Christmann, Kris (2012) Preventing Religious Radicalisation and Violent Extremism: A Systematic Review of the Research Evidence. Research Report. Youth Justice Board.

The purpose of this systematic review is to examine the scholarly literature on the process(es) of radicalisation, particularly among young people, and the availability of interventions to prevent extremism. The review was undertaken to inform the national evaluation of the Youth Justice Board for England and Wales’ (YJB) preventing violent extremism programmes within the youth justice system, and as such, represents one of the research outputs from that study. The full evaluation report, Process Evaluation of Preventing Violent Extremism Programmes for Young People, is to be published by the YJB alongside this review.
The review found that the evidence base for effective preventing violent extremism interventions is very limited. Despite a prolific output of research, few studies contained empirical data or systematic data analysis. Furthermore, although a growing body of literature investigating the radicalisation process is emerging, the weight of that literature is focused upon terrorism rather than radicalisation. As such, the evidence is concerned with that smaller cohort of individuals who, once radicalised, go on to commit acts of violence in the pursuit of political or religious aims and objectives. This introduces a systematic bias in the literature, away from the radicalisation process that preceeds terrorism, including radicalisation that does not lead to violence.
Despite these limitations, the systematic review found that Islamic radicalisation and terrorism emanate from a very heterogeneous population that varies markedly in terms of education, family background, socio-economic status and income. Several studies have identified potential risk factors for radicalisation, and, among these, political grievances (notably reaction to Western foreign policy) have a prominent role.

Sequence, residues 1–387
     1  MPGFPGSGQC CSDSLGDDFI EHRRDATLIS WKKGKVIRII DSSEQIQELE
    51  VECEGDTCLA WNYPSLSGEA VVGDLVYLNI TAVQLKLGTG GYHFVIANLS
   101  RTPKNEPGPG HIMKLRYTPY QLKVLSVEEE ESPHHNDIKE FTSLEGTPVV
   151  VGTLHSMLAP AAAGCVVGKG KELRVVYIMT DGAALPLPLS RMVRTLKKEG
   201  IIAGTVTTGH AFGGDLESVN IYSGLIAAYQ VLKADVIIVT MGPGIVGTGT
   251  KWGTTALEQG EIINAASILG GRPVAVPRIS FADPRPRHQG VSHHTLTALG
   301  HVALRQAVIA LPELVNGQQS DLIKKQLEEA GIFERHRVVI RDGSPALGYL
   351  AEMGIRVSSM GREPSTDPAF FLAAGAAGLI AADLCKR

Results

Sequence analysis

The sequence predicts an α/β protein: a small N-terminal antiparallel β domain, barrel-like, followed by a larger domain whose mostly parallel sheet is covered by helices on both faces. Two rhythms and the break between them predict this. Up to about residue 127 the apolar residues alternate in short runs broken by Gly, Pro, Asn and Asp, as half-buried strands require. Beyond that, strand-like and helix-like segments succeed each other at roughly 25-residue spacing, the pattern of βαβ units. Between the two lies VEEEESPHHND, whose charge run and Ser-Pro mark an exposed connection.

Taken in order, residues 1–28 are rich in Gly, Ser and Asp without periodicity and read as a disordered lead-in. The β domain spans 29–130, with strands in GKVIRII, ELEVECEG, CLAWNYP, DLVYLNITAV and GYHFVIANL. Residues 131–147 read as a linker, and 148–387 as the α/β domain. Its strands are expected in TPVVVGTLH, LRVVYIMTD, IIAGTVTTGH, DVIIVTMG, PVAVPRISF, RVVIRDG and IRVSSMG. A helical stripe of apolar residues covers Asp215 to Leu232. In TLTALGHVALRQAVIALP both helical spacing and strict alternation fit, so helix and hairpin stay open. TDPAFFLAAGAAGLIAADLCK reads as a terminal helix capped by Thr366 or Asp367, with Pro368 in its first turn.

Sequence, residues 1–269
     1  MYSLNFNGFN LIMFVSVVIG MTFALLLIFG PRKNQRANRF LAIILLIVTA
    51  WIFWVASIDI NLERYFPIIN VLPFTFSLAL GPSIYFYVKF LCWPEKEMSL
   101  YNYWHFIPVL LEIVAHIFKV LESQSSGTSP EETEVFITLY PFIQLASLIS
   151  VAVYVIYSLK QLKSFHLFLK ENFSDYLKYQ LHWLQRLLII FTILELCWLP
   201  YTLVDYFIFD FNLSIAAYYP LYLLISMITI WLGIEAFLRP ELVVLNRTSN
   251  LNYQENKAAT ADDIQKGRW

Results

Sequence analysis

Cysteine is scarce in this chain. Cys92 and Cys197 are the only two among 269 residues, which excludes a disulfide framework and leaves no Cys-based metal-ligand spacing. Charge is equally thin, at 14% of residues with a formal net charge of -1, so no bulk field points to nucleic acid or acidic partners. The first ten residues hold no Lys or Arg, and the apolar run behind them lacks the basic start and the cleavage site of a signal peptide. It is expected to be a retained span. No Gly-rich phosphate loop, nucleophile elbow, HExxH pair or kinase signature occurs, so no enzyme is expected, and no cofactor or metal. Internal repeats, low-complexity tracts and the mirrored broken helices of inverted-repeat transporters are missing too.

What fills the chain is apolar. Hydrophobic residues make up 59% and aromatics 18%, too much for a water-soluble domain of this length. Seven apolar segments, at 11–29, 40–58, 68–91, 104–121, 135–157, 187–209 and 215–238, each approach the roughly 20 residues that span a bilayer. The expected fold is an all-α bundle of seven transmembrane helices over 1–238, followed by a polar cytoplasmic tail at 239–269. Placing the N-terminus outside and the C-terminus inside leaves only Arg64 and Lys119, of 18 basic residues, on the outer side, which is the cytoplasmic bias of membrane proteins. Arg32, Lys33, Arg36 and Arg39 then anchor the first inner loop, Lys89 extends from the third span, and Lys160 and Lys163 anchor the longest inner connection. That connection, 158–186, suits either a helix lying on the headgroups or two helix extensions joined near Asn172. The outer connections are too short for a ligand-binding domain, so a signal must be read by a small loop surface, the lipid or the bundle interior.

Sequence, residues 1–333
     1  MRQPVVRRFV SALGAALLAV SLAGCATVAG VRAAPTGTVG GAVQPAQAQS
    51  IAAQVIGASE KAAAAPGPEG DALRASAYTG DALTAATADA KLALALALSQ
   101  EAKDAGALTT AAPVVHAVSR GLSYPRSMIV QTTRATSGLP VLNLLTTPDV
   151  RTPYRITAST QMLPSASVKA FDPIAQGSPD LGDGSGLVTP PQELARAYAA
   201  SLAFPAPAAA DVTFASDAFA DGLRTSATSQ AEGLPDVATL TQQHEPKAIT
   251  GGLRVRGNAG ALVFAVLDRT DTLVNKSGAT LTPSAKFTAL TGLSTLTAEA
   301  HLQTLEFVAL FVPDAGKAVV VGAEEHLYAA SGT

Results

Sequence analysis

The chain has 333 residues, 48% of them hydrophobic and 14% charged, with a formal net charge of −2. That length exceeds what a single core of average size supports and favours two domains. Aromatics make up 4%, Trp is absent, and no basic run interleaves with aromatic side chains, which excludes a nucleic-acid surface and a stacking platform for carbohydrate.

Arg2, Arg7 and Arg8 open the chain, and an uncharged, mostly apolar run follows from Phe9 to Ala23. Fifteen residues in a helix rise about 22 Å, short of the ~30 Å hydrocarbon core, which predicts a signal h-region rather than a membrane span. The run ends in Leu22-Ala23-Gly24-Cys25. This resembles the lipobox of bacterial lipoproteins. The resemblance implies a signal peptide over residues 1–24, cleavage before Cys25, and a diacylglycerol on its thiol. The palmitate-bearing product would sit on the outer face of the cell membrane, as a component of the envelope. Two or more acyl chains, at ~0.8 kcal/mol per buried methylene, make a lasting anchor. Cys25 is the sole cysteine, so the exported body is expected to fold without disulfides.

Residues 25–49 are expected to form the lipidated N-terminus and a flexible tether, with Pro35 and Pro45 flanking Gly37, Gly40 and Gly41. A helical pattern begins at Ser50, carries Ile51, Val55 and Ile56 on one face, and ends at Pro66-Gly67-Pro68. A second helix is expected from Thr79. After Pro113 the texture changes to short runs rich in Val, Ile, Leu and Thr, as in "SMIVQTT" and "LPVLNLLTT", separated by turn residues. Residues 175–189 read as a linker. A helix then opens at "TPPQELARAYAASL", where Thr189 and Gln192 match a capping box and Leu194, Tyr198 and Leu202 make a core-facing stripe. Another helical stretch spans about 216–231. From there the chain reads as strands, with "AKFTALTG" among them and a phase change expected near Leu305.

The review found only two evaluated UK programmes that explicitly aimed to address Islamic radicalisation in the UK. These were outreach and engagement projects running in London: the Muslim Contact Unit (MCU) and the ‘Street’ Project. In addition, the review drew heavily upon the Department for Communities and Local Government’s (DCLG) rapid evidence assessment, Preventing Support for Violent Extremism through Community Interventions: A Review of the Evidence (Pratchett et al, 2010). This advocated the adoption of capacity building and empowering young people, and interventions that “challenge ideology that focus on theology and use education/training”. The Netherlands-based Slotervaart Project was identified as an exemplar of the outreach/community-based approach recommended by the DCLG review. The review also considered a number of de-radicalisation programmes operating in several Islamic countries and programmes tackling right-wing radicalisation. These programmes provide some potential learning points for future UK programmes, chiefly around the need for those engaging with radicalised individuals to carry authority and legitimacy, and to be equipped with profound ideological knowledge.

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